On October 20, 1993, WRT commenced a public offering of approximately 1.1 million shares of preferred stock at $25 per share, for which WRT received approximately $25 million in proceeds. (Id. ¶ 20). Defendants McGuire and Hale signed the registration statement for this offering. (Id.). On February 28, 1995, WRT commenced a senior notes offering of 100,000 Units at $1000 per Unit, yielding $100 million. (Id. ¶ 27).*fn3 All of the Individual Defendants signed the registration statement for this offering, and Oppenheimer and Schroder acted as co-underwriters. (Id.). Plaintiffs claim that the registration statements contained material misstatements and omissions of fact. Generally, Plaintiffs' claims of wrongdoing in the Registration Page 5 Statements fall into two categories: (1) the overstatement and/or exaggeration of the success WRT had in its revitalizing activities, a core aspect of WRT's business, and (2) the misrepresentation of the WRT's technological capacities. (See id. ¶¶ 21-22, 30-31).

  B. WRT's Revitalization Activities

  Plaintiffs claim that the Preferred Stock Offering Registration Statement ("PRS") incorrectly stated that WRT had "demonstrate[d] its ability to use its technology to find previously untapped reservoirs in shut-in or abandoned wells and return such wells to commercial production"; that WRT had finished workovers of four wells in its West Hackberry Field and that all of them were "commercially productive"; and that WRT had experienced success in 24 of 31 recompletions, 57 of 69 newly drilled wells and 15 of 21 repaired wells in West Cote Blanche Bay Field." (Id. ¶ 22).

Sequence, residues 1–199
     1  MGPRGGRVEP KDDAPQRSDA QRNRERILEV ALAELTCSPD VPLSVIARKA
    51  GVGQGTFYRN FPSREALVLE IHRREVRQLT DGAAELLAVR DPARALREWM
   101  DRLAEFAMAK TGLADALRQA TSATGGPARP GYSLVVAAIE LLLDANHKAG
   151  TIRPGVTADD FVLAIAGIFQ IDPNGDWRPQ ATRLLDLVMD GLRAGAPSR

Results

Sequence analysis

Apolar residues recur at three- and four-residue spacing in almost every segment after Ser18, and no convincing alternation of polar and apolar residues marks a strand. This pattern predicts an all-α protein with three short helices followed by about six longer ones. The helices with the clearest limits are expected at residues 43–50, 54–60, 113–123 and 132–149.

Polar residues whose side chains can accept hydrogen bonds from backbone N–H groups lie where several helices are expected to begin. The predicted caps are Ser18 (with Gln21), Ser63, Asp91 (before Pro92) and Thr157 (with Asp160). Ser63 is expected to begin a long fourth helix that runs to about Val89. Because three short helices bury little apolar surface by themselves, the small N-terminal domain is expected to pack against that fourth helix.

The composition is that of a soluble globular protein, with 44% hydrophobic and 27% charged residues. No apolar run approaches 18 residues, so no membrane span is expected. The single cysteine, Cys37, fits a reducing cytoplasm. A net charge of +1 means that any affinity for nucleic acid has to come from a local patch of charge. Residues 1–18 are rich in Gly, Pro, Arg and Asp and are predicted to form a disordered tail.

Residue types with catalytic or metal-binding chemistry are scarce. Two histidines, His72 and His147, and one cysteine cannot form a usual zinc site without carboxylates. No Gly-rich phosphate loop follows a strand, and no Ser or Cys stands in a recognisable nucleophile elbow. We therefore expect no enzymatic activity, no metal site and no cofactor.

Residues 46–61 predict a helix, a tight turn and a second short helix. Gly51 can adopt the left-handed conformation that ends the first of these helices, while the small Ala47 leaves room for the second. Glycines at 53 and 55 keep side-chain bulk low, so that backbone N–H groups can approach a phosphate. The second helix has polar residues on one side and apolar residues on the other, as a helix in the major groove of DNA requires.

Plaintiffs allege that the Senior Notes Offering Registration Statement ("SRS") essentially repeated many of the incorrect statements in the PRS. For example, Plaintiffs point to statements that WRT employed a "technology-based approach to oil and gas development"; that "[a]pplication of the Company's technologies to its existing properties has resulted in substantial increases in overall production rates, oil and gas reserves and cash flow"; that WRT "had a 84% success rate in Page 6 identifying and developing commercial reservoirs in shut-in wells" since 1987; and that WRT experienced 14 of 16 successful revitalizations in East Hackberry Field. (Id. ¶ 30). Plaintiffs further allege that the SRS repeated the West Hackberry Field successes (detailed above) and described the West Cote Blanche Bay successes (also detailed above) as "a representative example" of how the Company could identify and exploit untapped production from shut-in or abandoned wells. (Id.).